Living memories: 2020 and remembering the future

Mid-November 2020 and Tesco releases its Christmas ad (brought to life below). One month to the festive season, but the horizon of possible scenarios is still open. It doesn’t feel like one month. It feels like a distant future.

In a ‘normal’ year, thinking about Christmas is not wondering, hesitating, creating behaviours. Christmas is solid. It is always. It is re-creating, re-doing, recollecting. Thinking ahead about Christmas is remembering. The songs, the lyrics, the childhood. To expect the coming Christmas is to bring back memories of any other Christmas in the past and the future.

In fact, Christmas does not know the past nor the future. It is the opposite of news. It happens in the cyclic time, for the community culture and for the marketing. In any ‘normal’ year. Which is not this one.

Mid-November and the in-one-month future is still unknown, yet the Tesco’s ad brings back shared memories. Only, they aren’t shared memories of the other Christmas. They are shared memories of the 2020.

The terrible haircuts. The loo rolls. The home schooling. The ‘Happy Birthday’ while washing hands.

Tesco’s No Naughty List Ad

As with any other approaching Christmas, the future resembles the past. Only, this time it is not the past Christmas, it is the past of 2020, the past of the linear time, the history. The direction of the projected memory is different, it is not vertical, not across the calendar years. However, the vector of time, the mechanism stays the same: from the present to the future, and from the future to the past. Back home.

To go back is to be comfortable. To walk the known path. Once there is a memory, there is a past and the past is closed. To have a past, to remember is to survive.

That’s the promise of Tesco. One day the 2020 will be remembered, not lived.

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Image: Dominika Kopeć

In the casual thinking, the past is closed, known and, contrary to the future, predictable. Nothing more questionable in 2020. Once the 2020 gets labelled as the ‘different’, the ‘odd’, the ‘unpredictable’, it creates the ‘normal’, the ‘normality’ and it does not construct it in the future. It re-constructs it in the past. In 2019.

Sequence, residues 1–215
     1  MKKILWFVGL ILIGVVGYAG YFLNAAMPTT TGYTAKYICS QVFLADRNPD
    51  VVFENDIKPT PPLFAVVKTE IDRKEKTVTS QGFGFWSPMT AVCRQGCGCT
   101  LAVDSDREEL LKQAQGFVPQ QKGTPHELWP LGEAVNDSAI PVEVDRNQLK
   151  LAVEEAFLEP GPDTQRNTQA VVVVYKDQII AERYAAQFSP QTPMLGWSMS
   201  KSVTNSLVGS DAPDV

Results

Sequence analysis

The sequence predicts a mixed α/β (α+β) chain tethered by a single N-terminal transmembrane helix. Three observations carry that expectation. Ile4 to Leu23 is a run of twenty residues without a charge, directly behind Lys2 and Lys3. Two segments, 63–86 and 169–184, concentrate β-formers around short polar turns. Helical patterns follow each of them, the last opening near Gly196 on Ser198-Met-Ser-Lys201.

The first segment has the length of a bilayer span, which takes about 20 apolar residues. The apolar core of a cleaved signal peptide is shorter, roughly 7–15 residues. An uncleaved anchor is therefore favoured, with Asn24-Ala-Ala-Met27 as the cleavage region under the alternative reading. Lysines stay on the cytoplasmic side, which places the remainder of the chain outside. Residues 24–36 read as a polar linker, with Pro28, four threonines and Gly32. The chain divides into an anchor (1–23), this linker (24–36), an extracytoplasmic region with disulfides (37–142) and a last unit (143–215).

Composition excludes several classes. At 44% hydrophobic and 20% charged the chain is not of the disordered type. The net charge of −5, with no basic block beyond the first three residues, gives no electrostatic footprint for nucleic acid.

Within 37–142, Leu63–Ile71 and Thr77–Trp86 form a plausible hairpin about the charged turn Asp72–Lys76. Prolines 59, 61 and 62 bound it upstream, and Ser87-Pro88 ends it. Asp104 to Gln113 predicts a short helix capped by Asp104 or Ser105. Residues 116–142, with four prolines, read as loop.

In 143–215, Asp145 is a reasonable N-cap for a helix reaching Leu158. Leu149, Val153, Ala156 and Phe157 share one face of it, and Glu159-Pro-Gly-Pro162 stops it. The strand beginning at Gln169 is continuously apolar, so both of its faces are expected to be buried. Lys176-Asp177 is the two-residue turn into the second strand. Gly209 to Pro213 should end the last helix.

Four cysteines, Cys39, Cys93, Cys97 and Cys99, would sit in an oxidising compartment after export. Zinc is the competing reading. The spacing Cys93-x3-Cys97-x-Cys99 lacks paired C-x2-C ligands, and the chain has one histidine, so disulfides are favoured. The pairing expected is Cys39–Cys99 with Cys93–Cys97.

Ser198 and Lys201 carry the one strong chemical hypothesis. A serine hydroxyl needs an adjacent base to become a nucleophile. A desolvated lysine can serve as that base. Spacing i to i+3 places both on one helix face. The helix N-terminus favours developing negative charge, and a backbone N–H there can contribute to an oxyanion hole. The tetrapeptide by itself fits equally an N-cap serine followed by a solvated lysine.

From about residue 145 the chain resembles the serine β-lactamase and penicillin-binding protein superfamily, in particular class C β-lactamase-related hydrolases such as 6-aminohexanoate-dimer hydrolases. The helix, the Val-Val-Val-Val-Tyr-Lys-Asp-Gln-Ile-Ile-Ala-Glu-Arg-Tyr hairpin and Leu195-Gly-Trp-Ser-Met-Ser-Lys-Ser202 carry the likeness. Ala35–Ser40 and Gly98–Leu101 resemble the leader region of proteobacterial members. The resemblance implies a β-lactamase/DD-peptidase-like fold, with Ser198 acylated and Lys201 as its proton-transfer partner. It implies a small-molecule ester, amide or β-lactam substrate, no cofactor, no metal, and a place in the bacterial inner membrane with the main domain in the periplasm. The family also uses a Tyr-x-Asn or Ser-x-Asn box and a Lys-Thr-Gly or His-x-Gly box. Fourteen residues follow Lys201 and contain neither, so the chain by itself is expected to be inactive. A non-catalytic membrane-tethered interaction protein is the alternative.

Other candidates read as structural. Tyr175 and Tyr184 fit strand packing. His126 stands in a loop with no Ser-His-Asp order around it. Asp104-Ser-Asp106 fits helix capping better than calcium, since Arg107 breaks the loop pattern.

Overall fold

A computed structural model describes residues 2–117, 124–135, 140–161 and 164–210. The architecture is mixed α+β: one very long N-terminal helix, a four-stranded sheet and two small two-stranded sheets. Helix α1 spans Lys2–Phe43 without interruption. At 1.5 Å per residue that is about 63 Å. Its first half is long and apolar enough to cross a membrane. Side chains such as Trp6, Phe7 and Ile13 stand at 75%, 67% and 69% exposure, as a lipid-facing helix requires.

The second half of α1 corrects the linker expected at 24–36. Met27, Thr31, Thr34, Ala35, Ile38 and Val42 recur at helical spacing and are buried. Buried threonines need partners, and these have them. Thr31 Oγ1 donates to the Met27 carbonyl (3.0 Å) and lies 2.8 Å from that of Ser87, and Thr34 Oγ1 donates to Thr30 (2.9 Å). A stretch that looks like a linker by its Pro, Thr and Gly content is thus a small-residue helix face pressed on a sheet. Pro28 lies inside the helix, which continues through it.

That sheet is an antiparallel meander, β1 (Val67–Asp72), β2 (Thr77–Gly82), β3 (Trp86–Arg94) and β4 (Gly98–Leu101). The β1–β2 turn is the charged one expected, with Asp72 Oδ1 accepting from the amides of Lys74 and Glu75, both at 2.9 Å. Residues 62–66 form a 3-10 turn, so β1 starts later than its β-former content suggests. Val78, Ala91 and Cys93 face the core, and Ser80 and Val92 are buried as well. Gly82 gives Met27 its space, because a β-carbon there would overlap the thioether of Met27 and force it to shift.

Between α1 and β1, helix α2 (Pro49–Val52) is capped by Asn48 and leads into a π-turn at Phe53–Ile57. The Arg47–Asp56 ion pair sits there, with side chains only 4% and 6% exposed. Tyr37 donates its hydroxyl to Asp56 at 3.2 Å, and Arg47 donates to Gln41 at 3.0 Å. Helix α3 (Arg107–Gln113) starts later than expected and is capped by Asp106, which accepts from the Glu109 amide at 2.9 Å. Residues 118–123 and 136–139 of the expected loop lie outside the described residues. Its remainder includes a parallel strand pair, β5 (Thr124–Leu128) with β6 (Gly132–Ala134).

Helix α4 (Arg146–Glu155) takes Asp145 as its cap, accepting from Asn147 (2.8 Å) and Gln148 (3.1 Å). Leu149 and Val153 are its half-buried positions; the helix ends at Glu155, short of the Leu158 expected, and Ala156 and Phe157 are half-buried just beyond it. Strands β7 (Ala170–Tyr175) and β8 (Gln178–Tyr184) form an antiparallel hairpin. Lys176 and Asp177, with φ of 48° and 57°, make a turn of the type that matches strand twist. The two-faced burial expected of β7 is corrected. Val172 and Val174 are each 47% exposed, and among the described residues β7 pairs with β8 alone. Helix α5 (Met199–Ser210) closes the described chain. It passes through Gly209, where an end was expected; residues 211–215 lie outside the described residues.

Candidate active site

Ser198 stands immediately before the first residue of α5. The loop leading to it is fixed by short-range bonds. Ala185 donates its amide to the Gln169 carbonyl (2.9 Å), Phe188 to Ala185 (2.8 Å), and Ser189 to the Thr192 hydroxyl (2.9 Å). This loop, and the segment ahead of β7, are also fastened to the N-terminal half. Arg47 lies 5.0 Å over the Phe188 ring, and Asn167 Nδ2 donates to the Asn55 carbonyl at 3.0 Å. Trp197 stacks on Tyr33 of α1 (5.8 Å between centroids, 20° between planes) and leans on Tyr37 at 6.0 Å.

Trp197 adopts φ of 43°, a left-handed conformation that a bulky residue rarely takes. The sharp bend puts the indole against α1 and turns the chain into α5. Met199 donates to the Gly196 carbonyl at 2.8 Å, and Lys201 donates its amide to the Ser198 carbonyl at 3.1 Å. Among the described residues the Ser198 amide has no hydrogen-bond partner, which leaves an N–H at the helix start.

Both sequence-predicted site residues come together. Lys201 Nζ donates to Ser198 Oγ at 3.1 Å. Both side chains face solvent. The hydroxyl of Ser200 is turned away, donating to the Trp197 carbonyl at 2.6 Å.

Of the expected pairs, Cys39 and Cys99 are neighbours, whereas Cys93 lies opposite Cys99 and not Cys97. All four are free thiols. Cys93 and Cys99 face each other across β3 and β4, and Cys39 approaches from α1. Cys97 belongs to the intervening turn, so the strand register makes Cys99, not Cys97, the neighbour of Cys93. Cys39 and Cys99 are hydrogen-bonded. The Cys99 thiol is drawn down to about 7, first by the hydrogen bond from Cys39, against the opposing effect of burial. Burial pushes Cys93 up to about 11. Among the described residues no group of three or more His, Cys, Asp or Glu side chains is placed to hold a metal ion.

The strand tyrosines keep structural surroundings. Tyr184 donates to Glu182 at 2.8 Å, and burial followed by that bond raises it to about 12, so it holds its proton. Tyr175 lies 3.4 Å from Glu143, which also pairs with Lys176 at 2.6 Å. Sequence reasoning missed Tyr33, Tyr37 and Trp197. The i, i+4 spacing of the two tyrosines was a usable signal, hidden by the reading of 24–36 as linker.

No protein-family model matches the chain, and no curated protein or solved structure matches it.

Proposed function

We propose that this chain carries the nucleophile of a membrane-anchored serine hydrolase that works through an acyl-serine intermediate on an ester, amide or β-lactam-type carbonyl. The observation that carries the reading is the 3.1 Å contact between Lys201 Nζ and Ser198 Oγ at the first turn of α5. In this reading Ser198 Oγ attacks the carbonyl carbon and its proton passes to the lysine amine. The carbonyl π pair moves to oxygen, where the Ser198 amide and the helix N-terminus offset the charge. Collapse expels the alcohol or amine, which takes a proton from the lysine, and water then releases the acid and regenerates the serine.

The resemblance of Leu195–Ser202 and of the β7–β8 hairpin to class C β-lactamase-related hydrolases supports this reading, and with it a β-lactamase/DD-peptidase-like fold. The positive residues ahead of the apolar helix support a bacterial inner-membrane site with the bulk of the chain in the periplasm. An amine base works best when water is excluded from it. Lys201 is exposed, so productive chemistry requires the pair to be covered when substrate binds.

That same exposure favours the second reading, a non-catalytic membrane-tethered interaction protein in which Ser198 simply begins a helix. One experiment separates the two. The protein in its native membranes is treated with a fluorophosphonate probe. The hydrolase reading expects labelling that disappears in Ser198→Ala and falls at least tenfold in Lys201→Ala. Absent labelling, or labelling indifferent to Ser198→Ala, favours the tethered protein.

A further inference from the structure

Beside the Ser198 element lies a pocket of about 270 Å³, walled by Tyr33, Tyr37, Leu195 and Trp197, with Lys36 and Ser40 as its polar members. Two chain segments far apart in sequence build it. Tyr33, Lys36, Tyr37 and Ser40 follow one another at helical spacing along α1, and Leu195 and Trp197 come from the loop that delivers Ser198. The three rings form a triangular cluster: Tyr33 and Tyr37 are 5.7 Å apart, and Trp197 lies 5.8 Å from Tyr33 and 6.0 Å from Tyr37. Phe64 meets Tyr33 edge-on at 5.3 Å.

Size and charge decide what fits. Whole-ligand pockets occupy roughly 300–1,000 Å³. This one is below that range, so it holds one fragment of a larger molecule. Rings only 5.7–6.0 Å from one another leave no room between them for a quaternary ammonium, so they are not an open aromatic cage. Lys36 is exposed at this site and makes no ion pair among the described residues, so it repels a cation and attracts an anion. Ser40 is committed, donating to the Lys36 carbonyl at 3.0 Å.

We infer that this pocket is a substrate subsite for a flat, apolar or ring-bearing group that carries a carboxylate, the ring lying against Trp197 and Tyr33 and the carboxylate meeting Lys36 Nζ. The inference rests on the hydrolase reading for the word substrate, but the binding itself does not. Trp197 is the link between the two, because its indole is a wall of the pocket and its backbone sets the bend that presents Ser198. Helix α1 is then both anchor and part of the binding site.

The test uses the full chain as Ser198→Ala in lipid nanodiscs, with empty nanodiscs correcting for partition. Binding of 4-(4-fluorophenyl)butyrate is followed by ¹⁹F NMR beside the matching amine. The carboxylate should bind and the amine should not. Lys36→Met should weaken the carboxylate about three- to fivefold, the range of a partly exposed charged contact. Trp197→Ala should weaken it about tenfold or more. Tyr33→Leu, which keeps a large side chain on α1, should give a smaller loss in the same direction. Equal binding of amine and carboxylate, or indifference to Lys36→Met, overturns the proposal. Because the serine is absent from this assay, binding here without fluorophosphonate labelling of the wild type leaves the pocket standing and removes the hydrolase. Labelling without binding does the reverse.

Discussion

2020 is not a year, it is not a time period. It is an emotion. When I say ‘2020’, you know. You feel it. And once you feel ‘2020’, you feel the ‘2019’. 2020 becomes horrible and 2019 becomes the idyllic. 2020 becomes universal, one, the same for everybody, 2019 becomes universal too. Black and white, war and peace, the beast and the beauty. What in this setting will be the 2021? Obviously, the 2019. The one we’re looking forward to. The normal. The Christmas as we know.

When does the 2020 become a myth? Potentially very soon, as soon as it is announced as ‘the year’. Unlike other epoch-making events it is broadcasted live, instantly, in the real time. Still, it does not start at once in all regions. When in March 2020 you are not in lockdown, it feels like you are not in the lockdown yet. March is the most dynamic month of the year. Countries close one after another and while the year is labelled as unpredictable, the public eye turns to Italy. Italy’s past becomes your future. So, again paradoxically while looking into the future, one looks backwards, into the past.

Unless you look at Wuhan. Nobody thought of China to become the future.

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Image: Dominika Kopeć

March is the most dynamic month of the year. Slavoj Žižek publishes his book about the pandemic on the 24th of March. In March, the 2020 becomes an unprecedented media phenomenon which shapes people’s consciousness and behaviour. The terrible haircuts. The loo rolls. The home schooling. The ‘Happy Birthday’ while washing hands. 2020 becomes an image first and then becomes a fact.

With its symbols and attributes, the 2020 becomes a memory before it is experienced. What is good about a memory? It is closed, it is known, it is survived. As soon as it outbreaks, 2020 is thought of as a turning point in the history and it is treated like one from the very beginning. A historian’s point of view is to look back, from the present to the past, starting from the end of a story. What is the end of the story? It used to be the magical 2021 at the beginning of this year. In November, the time frame exceeds into the unknown.

The government of Germany travels further in time and mid-November releases a spot, which takes the perspective of the in-fifty-years future. This seems like a safe bet. Maybe not next year, maybe not in two years, but in fifty years the 2020 will be over. This is solid. Current millennials will become heroes and will re-collect the 2020 as their story, in pompous tone calling it ‘back then’. 2020 will be remembered and will be remembered as nothing, laziness, chilling out.

Of course, this video is fun. Maybe in fifty years all this will be fun.

To follow work of the Grey Swan Guild and read more analysis of this kind, visit www.greyswanguild.org. You’re welcome to join as a sensemaker as well. The guild is also making a clartion call to others to cast an eye on positive outcomes that might have come out out of this 2020 in our 2nd Weathervane Panel. Chime in your own thoughts about the future.

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The Weathervane 2 — Grey Swan Guild

About the author:

Dominika Kopeć is a UX researcher, anthopologist and start-ups mentor. Lived and worked in Estonia, Czech Republic, Belgium and in the UK. Feel free to connect with me on LinkedIn.

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